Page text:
Participants in this study reported fears about contamination and dying which were linked to problematic behaviors such as excessive hand washing, frequent reassurance-seeking, and lengthy bedtime routines. Treatment occurred weekly over the course of 8 weeks and involved a variety of components. A few examples of treatment components were 1) identifying differences between obsessions and compulsions; 2) drawing activities; 3) education about and activities surrounding the futility of fighting thoughts; 4) identifying life values; 5) accepting unwanted thoughts; and 6) mindfulness. Each treatment session was 50 min and included related homework assignments. The results of this study showed that self-reported compulsions decreased by 40%, and these effects were maintained at a 3-month follow up, and treatment was rated as highly acceptable by participants as well as their parents.
Armstong, A. B., Morrison, K. L., & Twohig, M. P. (2013). A preliminary investigation of acceptance and commitment therapy for adolescent obsessive-compulsive disorder. Journal of Cognitive Psychotherapy, 27, 175-190.
Although most people are familiar with Obsessive Compulsive Disorder (OCD)—or at least have a general idea and may even feel that they personally have some OCD tendencies—a lesser known form of OCD exists called scrupulosity. Scrupulosity involves obsessions related to religious or moral ideals which cause an individual to be overly concerned that their actions are sinful or are violating religious or moral doctrine (International OCD Foundation, 2010). This concern is so great that it often leads to excessive praying or trips to confession, repeating rituals involving cleansing and purifying, and avoiding situations where some religious or moral error may occur (IOCDF, 2010). One effective and recommended treatment for scrupulosity is Exposure and Response Prevention (ERP); however, another form of treatment, Acceptance and Commitment Therapy (ACT) was shown to be another effective form of treatment in a recent study by Dehlin, Morrison, and Twohig (2013). Acceptance and Commitment Therapy traditionally involves accepting undesirable thoughts and feelings, reducing the meaning of and attachment to these thoughts and feelings, and working toward acting in a way that fulfills one’s values in life and has been used in the treatment of OCD.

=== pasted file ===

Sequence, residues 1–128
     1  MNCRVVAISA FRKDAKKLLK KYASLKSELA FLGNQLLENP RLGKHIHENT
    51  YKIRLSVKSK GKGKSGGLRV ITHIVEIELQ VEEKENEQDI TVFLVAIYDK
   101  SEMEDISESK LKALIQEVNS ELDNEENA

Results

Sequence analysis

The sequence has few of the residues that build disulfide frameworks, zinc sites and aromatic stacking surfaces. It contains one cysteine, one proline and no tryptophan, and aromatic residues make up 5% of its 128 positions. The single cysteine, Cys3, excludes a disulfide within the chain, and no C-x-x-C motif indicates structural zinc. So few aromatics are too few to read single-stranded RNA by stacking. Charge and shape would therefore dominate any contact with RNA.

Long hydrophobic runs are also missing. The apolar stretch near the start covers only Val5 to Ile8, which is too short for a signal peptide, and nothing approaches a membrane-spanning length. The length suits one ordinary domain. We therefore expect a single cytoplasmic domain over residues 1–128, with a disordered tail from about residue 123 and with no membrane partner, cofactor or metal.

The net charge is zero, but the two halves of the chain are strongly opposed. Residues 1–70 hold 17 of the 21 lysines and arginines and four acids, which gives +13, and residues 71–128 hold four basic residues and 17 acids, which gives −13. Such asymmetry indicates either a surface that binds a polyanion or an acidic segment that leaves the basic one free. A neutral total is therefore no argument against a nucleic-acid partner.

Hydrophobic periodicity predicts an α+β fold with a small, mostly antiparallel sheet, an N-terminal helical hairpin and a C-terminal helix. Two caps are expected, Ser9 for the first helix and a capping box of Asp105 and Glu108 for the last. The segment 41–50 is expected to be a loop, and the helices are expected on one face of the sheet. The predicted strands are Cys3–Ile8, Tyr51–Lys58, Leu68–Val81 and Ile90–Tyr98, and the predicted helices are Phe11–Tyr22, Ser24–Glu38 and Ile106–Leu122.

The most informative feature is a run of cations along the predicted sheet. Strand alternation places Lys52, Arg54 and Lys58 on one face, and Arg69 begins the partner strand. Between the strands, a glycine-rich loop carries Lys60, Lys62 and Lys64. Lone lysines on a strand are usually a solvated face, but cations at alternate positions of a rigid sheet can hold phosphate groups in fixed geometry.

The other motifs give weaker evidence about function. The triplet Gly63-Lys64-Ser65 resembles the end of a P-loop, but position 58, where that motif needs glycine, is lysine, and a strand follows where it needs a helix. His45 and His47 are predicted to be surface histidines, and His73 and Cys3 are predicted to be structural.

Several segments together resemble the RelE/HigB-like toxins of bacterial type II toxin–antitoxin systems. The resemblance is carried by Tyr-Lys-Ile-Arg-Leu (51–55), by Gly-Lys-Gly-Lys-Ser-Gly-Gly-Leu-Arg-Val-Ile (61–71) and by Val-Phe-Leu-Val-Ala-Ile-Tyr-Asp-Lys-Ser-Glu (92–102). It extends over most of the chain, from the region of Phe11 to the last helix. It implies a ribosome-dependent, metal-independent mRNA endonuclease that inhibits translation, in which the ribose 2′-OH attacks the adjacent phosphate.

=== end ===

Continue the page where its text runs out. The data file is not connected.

Dehlin and colleagues (2013) evaluated the effects of ACT on scrupulosity with five adults (three females and two males) across eight treatment sessions. In order to measure the effects of treatment, researchers tracked the participants’ compulsive behaviors as well as engagement with valued activities. In addition, researchers had participants complete assessment questionnaires. Treatment sessions were 1-1.5 hours each week and consisted of activities that helped the participants incorporate the core processes of ACT. Participants also completed weekly homework assignments. Throughout treatment, participants learned to accept unwanted thoughts, separate themselves from obsessive thoughts, view the self as a context in which thoughts occur, contact the present moment, and commit to actions in alignment with values. Results of the study showed a 74% reduction in compulsions and a 79% reduction in avoided valued behaviors, and these reductions were maintained during a 3-month follow up. In addition, participants reported high levels of treatment acceptability which, combined with the positive results of treatment, makes this a promising treatment for individuals with scrupulosity.
Dehlin, J. P., Morrison, K. L., & Twohig, M. P. (2013). Acceptance and commitment therapy as a treatment for scrupulosity in obsessive compulsive disorder. Behavior Modification. DOI: 10.1177/0145445512475134
International Obsessive-Compulsive Disorder Foundation (2010). Retrieved from https://iocdf.org/wp-content/uploads/2014/10/IOCDF-Scrupulosity-Fact-Sheet.pdf